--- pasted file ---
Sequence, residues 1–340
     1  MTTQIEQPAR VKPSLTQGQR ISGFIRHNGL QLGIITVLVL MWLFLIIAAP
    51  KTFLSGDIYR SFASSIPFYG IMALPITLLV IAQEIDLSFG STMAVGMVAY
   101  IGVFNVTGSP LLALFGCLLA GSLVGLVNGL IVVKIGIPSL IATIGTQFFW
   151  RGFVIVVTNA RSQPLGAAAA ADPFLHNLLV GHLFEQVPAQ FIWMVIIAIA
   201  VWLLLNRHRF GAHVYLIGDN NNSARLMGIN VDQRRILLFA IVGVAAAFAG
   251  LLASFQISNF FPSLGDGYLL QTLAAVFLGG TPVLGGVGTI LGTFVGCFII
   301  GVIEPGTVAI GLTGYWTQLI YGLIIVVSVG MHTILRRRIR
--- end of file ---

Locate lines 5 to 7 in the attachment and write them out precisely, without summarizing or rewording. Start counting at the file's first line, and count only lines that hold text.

   151  RGFVIVVTNA RSQPLGAAAA ADPFLHNLLV GHLFEQVPAQ FIWMVIIAIA
   201  VWLLLNRHRF GAHVYLIGDN NNSARLMGIN VDQRRILLFA IVGVAAAFAG
   251  LLASFQISNF FPSLGDGYLL QTLAAVFLGG TPVLGGVGTI LGTFVGCFII